A DECISION to not base a hub at Heathrow for the proposed 250mph high speed rail line was influenced by a lack of confidence in the third runway project.
The report from High Speed Two Ltd, the company tasked with commissioning the rail link between London and Birmingham, explained to the Government the reasons for the various choices of locations.
A report explained the choice of location for the Crossrail interchange as ultimately boiling down to two direct choices, Heathrow, and Old Oak Common, in Paddington.
The report reads: "Given the uncertainties around future development at Heathrow, and the wider opportunities for improving access from the west, we do not make a recommendation for a preferred option at Heathrow."
The Old Oak Common site was chosen, supported by Hammersmith and Fulham Council, the local authority responsible for the site.
However, not basing a rail hub at Heathrow has been roundly attacked, and the Conservatives have pledged to build a hub at the airport if they come into power.
Theresa Villiers, shadow transport secretary, said: "We have an alternative vision for Heathrow which is a top class new rail link at the airport connected to high-speed rail to provide not only an alternative to thousands of short-haul flights to make the airport less over-crowded but to make it much easier and more pleasant to get to."
Last week at the High Court, a decision was made by Lord Justice Carnwarth, who told that the Government must look again at the third runway, and that their initial consultation which led to approving the airport expansion was botched.
Popular watersports training centre, the Hillingdon Outdoor Activities Centre, which attracts 20,000 plus visitors a year, have already told how a 2km viaduct over their lakes between Harefield and Denham would force them to close. They insist if a hub was built at Heathrow, then they would not be affected.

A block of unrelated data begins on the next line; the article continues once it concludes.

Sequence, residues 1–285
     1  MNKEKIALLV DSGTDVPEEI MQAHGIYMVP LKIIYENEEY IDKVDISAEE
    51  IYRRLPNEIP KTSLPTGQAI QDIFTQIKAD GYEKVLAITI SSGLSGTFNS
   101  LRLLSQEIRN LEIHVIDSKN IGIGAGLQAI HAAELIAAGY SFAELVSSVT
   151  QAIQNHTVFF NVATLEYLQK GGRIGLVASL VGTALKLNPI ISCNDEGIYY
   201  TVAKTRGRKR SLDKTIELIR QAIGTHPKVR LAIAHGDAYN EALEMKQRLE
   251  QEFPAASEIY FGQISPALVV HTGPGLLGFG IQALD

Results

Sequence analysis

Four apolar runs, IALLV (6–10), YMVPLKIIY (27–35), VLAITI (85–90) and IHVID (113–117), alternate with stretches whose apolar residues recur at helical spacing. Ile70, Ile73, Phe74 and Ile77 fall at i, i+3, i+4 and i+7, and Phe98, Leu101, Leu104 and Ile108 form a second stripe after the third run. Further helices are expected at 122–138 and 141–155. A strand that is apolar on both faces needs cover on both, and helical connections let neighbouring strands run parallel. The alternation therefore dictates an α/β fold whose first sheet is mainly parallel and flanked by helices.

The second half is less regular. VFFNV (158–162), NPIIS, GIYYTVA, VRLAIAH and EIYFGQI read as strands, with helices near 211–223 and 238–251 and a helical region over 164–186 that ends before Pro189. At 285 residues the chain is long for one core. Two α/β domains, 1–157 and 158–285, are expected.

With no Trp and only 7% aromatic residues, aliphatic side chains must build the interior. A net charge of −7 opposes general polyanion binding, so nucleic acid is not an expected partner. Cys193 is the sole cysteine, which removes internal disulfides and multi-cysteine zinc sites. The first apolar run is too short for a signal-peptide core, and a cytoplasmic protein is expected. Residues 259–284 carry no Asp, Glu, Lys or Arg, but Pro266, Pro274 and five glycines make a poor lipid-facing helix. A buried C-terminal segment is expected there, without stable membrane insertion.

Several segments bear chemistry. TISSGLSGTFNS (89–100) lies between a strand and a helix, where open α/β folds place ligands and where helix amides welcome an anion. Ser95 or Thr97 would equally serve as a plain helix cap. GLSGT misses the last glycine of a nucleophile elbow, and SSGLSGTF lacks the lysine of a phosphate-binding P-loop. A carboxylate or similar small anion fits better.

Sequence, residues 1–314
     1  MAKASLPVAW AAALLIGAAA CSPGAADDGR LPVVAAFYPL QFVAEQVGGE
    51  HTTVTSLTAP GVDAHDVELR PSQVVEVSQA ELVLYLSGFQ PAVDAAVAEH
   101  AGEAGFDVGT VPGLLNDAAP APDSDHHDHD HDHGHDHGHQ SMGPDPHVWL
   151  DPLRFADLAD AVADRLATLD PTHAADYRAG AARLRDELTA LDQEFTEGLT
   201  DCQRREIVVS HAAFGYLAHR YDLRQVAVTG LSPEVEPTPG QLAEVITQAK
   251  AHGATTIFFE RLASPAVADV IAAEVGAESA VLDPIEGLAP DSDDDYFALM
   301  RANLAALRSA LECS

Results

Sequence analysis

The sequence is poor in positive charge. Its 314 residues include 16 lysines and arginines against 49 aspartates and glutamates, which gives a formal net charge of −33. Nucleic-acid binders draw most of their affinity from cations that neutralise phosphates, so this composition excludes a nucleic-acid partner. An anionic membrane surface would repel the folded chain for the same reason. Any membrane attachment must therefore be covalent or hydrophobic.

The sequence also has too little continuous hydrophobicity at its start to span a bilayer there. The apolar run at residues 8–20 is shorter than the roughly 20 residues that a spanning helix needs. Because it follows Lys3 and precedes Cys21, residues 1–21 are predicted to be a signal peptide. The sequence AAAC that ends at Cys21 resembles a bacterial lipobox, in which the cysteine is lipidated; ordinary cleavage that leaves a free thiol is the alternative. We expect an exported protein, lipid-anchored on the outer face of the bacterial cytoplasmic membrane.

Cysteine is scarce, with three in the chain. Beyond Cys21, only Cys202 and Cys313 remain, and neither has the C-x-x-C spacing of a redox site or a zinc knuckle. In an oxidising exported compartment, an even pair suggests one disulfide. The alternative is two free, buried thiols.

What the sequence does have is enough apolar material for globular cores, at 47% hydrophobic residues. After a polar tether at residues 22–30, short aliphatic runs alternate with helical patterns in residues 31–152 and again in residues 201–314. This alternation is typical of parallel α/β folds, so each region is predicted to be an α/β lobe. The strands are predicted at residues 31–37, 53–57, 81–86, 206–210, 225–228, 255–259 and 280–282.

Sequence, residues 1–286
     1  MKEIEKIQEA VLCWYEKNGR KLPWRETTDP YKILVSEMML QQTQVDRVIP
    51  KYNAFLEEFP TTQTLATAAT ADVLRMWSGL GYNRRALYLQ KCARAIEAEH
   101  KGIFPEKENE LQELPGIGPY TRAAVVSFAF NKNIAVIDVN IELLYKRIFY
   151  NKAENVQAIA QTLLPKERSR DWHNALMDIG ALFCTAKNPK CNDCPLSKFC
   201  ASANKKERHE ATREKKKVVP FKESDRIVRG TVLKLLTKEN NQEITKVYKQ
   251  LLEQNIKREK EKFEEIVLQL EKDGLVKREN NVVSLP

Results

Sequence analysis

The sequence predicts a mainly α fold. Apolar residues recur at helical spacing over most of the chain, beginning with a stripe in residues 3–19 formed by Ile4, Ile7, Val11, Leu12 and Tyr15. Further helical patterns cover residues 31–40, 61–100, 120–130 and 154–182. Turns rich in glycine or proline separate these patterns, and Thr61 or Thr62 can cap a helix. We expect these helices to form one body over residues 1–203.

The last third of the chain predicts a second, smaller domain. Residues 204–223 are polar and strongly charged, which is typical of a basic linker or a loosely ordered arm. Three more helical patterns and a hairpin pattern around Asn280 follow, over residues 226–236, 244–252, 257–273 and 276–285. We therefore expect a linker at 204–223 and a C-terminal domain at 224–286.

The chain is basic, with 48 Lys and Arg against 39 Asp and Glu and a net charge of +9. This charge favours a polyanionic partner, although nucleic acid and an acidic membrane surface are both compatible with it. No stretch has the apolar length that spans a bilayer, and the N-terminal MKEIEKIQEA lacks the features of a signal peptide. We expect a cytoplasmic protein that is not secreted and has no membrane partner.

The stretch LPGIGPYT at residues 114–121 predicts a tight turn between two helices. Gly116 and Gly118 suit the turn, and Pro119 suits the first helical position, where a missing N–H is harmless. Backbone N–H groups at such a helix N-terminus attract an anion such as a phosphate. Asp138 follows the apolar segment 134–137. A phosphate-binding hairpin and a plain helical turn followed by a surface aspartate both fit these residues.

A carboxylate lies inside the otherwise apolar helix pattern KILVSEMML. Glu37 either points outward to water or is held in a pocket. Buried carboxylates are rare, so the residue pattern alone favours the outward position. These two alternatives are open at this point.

The report by HS2 reveals several sites were initially considered for the interchange.
These also include Hayes, Southall, Acton, Hanwell, and Ealing Broadway.
Hayes was rejected because of the difficulties such a difficult and disruptive construction would have on the population.
A plan for a 10 platform station at Iver was also strongly considered, being only along the M4 from Heathrow, but was rejected because of the possible environmental impact as over 50 per cent of the proposed site would be on the Colne floodplain.
The current proposals for the 46 minute London to Birmingham route include the possibility to later include a 'Heathrow Loop' which would include up to 19 kilometres of underground tunnelling, underneath areas as West Drayton, although no concrete proposals have been put forward for this, as the Government seek to focus on pushing the main route through.
The high speed rail line would not begin construction until 2017, and not be ready until 2026. Crossrail is expected to be ready in 2017.
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